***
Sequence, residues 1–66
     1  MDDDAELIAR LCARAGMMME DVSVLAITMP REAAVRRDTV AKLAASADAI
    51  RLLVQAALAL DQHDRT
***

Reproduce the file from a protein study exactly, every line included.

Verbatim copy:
Sequence, residues 1–66
     1  MDDDAELIAR LCARAGMMME DVSVLAITMP REAAVRRDTV AKLAASADAI
    51  RLLVQAALAL DQHDRT